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March 1965

Sedative-like Effect of Epinephrine: A Review

Author Affiliations

State University of New York, Upstate Medical Center. Resident and Assistant Instructor, Department of Psychiatry, 1964; Massachusetts Mental Health Center, Resident in Psychiatry; and Harvard Medical School, Teaching Fellow in Psychiatry, 1963-1964.

Arch Gen Psychiatry. 1965;12(3):255-259. doi:10.1001/archpsyc.1965.01720330029005

WHEN HEN FELDBERG and Sherwood demonstrated that intraventricular injections of epinephrine (Adrenaline) in dogs caused "sedative-like" behavioral depression, they suggested that epinephrine secretion during anxiety in humans might cause analogous symptoms of fatigue and somnolence.18 Little or no attention was subsequently given this hypothesis; Feldberg himself did not mention it in his recent (1963) book about the pharmacology of the brain.17 The hypothesis has received little attention for two reasons: first, there has been little evidence that systemic epinephrine could reach the brain, and second, there has been little or no evidence that systemically administered epinephrine could produce sedative-like or fatiguelike effects.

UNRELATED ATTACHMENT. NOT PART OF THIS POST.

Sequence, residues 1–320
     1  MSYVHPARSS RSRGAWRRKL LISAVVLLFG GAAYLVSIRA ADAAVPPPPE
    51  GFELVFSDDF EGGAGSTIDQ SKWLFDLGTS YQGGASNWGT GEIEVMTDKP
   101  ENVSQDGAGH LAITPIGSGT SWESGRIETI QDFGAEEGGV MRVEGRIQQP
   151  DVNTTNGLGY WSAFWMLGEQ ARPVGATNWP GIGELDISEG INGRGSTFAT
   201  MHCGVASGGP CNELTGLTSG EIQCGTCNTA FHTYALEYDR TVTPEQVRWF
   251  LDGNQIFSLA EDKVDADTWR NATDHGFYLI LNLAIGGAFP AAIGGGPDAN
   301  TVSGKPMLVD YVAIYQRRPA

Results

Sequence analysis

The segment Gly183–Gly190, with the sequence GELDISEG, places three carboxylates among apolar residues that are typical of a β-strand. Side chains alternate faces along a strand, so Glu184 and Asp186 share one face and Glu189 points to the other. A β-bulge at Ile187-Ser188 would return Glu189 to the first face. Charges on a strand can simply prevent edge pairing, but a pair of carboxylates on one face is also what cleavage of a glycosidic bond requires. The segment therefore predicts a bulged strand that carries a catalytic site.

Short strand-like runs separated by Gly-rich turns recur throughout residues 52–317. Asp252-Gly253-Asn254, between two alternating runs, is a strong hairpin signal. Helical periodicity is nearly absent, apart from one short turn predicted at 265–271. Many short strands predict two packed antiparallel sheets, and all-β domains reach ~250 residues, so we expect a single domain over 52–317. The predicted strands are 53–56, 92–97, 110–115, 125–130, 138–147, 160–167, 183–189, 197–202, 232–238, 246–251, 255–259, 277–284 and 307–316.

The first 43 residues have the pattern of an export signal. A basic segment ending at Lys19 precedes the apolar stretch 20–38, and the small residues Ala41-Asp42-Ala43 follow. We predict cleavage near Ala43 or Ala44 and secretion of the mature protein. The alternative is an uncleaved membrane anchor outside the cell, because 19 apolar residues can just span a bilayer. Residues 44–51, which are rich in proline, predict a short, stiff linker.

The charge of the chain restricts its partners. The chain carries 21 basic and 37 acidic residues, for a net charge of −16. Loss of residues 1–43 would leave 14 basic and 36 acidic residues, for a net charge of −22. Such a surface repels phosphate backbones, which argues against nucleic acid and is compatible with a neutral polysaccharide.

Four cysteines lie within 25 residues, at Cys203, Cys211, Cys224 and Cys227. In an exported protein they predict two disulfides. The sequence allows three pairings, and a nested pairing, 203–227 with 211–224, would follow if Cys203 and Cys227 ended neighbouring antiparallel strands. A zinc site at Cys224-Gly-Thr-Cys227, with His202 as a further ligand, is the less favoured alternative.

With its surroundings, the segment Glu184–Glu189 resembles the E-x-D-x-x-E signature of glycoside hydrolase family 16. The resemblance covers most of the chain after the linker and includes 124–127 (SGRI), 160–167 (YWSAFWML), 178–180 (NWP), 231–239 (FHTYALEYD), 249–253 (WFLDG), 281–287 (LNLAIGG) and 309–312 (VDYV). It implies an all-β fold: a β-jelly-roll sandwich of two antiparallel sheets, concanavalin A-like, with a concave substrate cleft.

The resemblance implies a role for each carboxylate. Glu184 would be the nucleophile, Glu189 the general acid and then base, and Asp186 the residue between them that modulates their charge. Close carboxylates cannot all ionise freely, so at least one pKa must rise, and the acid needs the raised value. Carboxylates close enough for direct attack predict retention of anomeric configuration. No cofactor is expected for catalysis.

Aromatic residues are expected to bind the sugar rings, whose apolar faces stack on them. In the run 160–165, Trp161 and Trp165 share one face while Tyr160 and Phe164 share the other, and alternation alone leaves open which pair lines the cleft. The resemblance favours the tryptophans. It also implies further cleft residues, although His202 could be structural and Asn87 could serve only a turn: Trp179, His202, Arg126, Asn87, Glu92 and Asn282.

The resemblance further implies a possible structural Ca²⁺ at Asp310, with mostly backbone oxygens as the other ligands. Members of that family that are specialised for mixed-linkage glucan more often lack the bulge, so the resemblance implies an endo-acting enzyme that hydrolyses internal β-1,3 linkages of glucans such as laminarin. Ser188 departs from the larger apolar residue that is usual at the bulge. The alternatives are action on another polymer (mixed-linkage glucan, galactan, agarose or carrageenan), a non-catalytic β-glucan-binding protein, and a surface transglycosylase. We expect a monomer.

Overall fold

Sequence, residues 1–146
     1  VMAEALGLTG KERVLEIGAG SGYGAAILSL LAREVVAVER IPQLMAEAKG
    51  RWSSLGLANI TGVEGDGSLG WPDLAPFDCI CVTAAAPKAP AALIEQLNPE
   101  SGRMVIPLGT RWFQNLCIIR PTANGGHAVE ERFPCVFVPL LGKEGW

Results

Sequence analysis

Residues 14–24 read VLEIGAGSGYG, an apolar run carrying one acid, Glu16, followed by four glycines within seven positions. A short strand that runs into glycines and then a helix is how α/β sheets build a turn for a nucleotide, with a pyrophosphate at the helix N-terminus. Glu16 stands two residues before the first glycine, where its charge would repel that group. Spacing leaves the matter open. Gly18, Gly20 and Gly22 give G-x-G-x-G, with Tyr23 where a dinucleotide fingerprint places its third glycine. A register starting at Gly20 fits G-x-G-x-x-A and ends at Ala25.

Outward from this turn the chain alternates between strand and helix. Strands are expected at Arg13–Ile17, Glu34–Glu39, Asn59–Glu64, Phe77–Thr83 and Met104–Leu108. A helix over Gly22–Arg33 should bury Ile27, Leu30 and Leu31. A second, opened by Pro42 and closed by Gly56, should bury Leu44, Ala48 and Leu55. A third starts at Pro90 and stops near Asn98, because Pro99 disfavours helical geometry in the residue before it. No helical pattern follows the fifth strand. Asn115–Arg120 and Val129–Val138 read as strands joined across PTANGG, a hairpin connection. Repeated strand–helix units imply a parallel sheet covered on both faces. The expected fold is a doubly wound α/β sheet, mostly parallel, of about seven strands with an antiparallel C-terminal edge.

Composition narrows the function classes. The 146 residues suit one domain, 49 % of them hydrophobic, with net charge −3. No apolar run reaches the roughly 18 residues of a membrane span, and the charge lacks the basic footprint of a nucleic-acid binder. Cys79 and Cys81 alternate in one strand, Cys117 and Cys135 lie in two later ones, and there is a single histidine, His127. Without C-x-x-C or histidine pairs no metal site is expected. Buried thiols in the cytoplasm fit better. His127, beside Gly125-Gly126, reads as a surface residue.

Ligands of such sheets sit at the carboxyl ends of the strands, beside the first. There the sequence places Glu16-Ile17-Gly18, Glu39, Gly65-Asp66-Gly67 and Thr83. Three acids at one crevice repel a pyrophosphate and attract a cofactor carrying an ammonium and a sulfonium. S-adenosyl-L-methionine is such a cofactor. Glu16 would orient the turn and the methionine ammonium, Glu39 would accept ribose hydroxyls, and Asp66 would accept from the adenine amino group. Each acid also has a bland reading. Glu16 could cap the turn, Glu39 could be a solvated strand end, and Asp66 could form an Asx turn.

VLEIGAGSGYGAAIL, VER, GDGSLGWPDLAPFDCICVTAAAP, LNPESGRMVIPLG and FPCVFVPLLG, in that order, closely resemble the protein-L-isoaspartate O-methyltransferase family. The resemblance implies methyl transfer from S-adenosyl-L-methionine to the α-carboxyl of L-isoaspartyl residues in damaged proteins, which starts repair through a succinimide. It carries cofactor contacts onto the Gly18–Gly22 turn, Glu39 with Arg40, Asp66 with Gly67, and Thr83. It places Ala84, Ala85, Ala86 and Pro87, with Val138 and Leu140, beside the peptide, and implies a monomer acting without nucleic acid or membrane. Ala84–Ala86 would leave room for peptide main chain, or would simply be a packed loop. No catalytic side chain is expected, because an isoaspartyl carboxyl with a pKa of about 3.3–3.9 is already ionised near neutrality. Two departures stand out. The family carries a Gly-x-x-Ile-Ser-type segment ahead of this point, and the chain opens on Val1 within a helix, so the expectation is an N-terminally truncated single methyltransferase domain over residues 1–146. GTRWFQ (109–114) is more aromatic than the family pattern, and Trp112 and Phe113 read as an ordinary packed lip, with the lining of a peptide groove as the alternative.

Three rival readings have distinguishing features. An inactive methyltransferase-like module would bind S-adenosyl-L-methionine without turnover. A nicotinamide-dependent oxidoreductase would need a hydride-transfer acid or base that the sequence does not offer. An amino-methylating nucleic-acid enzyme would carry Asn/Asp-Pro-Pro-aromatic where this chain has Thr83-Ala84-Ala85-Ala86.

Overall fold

Both these objections have been modified by recent experimental findings. First, radioactively tagged epinephrine has been shown to cross the blood-brain barrier in the region of the hypothalamus during sustained systemic infusions,1,45 and second, epinephrine